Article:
Category Archives: Annoyances

A tale of corporate incompetence

I completed one of my New Year’s resolutions this week.

After six months of fighting with 3M Cogent — the breathtakingly incompetent vendor to which the state of New Mexico has outsourced all its background checks for professional licensure — I received my New Mexico teaching certificate in the mail Tuesday morning.

The end result delighted me, as New Mexico accepted my Oklahoma math certification, thus granting me dual endorsements in math and English at both the middle- and high-school levels. (Because of differences in certification requirements from state to state, I wasn’t sure I’d get a New Mexico math endorsement without taking their test.)

My joy at this outcome in no way excuses Cogent’s ineptitude, which turned what should have been a simple process into a six-month ordeal requiring at least 15 phone calls to nine people in three different offices.

How incompetent is Cogent? Read on.

February: I begin compiling my application packet.

Early March: I submit my packet, including the two fingerprint cards required for my mandatory background check.

Early April: Cogent sends me a letter saying the FBI rejected my first card because the prints weren’t clear. “If you originally mailed hardcopy fingerprint cards, the second card will be automatically scanned, and no further action is required,” the letter states.

Early May: I receive a letter from the New Mexico Public Education Department, saying I need to go to a Cogent office in New Mexico and be re-fingerprinted. (Cogent has an office a mile from my house, but it only fingerprints applicants for Missouri certificates, despite the fact Cogent is a national company using an electronic system to request background checks from a federal agency.)

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I call NM PED to explain I live 1,000 miles from the nearest approved Cogent office. PED tells me to call Cogent.

I call Cogent, tell their rep I’ll be in Tucumcari in early June, and ask whether I should just go to their Tucumcari office to be reprinted while I’m in town. The rep says I should NOT do that, as it will cost extra and create unnecessary confusion. Instead, she says, I should call the New Mexico Department of Public Safety to request a “name-search background check” using my Social Security number.

Phone tag ensues.

Mid-May: I finally reach a NM DPS officer, who says she has no idea why Cogent keeps sending people to her, as ALL background-check requests have to come from them. She says if my first card is rejected, the second will be scanned automatically, and if the second is rejected, a name search will be initiated automatically, so I should just wait.

I wait.

I go to Tucumcari.

I come home.

I wait.

School starts.

Still I wait.

Aug. 19: I call Cogent. A Cogent rep says my first fingerprint card was scanned and rejected, whereupon the process stopped because I didn’t call and ask them to scan the second card (which their letter said would happen automatically).

-______-

The Cogent rep says it’s been so long, the second card may have expired, in which case I should come to a Cogent office in New Mexico and get re-printed electronically (like the other Cogent rep specifically told me NOT to do when I had the chance).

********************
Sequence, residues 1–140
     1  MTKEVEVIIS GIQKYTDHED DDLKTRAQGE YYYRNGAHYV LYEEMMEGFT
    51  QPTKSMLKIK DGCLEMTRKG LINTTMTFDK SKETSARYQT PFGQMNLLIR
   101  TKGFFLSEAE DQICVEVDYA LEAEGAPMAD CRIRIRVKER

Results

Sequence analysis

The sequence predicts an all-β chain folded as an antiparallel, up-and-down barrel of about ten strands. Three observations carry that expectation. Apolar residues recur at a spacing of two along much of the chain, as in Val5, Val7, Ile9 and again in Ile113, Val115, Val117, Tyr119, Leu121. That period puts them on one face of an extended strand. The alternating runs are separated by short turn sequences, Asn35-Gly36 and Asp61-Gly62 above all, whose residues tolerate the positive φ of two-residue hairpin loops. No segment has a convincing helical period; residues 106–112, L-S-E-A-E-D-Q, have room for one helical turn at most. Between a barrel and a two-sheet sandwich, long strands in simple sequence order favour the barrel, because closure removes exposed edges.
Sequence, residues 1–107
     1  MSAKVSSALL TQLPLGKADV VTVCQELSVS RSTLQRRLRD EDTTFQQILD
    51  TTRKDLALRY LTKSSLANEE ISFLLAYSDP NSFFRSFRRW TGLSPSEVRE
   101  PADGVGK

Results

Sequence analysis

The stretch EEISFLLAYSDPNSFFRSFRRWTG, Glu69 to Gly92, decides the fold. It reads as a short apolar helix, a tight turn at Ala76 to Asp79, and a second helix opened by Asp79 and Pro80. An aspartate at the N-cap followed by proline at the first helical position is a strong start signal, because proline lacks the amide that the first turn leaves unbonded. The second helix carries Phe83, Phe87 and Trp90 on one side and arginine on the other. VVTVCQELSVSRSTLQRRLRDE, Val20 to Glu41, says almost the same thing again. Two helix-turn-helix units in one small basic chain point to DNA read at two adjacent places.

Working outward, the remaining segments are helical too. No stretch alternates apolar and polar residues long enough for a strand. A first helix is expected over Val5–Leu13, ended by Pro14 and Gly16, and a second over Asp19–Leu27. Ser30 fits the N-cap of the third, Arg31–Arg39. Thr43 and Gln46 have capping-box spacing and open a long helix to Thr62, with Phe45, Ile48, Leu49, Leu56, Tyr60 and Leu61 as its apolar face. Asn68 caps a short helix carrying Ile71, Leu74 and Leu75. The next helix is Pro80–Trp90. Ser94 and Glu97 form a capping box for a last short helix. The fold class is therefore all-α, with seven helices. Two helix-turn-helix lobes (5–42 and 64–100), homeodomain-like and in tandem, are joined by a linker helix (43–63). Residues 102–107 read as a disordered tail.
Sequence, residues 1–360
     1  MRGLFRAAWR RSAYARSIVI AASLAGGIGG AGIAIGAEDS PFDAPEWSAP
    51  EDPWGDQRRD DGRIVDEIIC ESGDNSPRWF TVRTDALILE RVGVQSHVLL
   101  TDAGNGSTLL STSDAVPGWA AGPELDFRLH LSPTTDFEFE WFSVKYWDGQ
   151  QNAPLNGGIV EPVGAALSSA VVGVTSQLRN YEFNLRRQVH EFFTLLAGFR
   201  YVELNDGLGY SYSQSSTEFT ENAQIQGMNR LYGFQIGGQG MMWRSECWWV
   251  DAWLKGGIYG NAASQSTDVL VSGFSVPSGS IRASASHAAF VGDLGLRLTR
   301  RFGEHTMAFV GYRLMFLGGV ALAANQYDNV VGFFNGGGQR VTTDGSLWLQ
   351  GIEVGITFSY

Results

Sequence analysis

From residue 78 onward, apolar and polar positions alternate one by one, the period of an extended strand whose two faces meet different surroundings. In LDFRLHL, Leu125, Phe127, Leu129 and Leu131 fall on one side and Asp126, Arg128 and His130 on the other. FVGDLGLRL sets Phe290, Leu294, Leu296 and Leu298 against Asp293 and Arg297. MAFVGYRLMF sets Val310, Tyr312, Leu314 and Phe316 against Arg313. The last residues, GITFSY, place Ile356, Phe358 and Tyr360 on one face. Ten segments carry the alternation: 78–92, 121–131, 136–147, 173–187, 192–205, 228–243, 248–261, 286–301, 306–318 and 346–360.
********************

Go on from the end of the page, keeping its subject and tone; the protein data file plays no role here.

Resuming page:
-___________-

Aug. 23: Another Cogent rep calls and says the FBI has scanned and rejected my second card. This rep gives me two code numbers and tells me to call NM DPS, give them those numbers, and ask them to start my name search.

I call DPS.

DPS: Only Jesus can help you.
ME: Can you transfer me to him?
DPS: He’s out of the office.
ME: That sounds about right.

Aug. 29: I finally reach Jesus, who has no idea why Cogent keeps sending people to him.

-__________________-

Jesus says once the second card is rejected, NM PED requests a name search automatically, but given my experience, I probably should call them just to be sure.

I call PED, leave a voicemail, and follow up with an email explaining my situation.

15 minutes later: I get a very apologetic email back from someone at PED, saying Cogent CONSTANTLY pulls this crap on out-of-state applicants and telling me she has just requested my name check, gotten results back, and printed my certificates.

Got that? New Mexico paid Cogent to spend SIX MONTHS blowing off tasks a state employee completed in 15 minutes. Meanwhile, schools are missing potential hires whose credentials have been taken hostage by Cogent’s ineptitude.

If I were a New Mexico taxpayer, I don’t think I’d be pleased to learn this.

Emily

“You’re ugly.”

NOTE: I started writing this a couple of months ago but never got around to finishing it and posting it. It dovetails nicely with yesterday’s post on ageism, so I’m sharing it now.

I was involved in a Twitter conversation a while back in which a misogynist attempted to debate an online friend of mine, got his arse handed to him, and then — when I tweeted my friend a reaction GIF — responded by informing me, “You’re ugly” and then blocking me before I had time to reply.

I find it interesting that the average misogynist’s first line of defense, whenever he feels threatened by a woman, is to attack her looks, as if his opinion of her physical appearance ever has had or ever will have any effect on her life.

Why bother?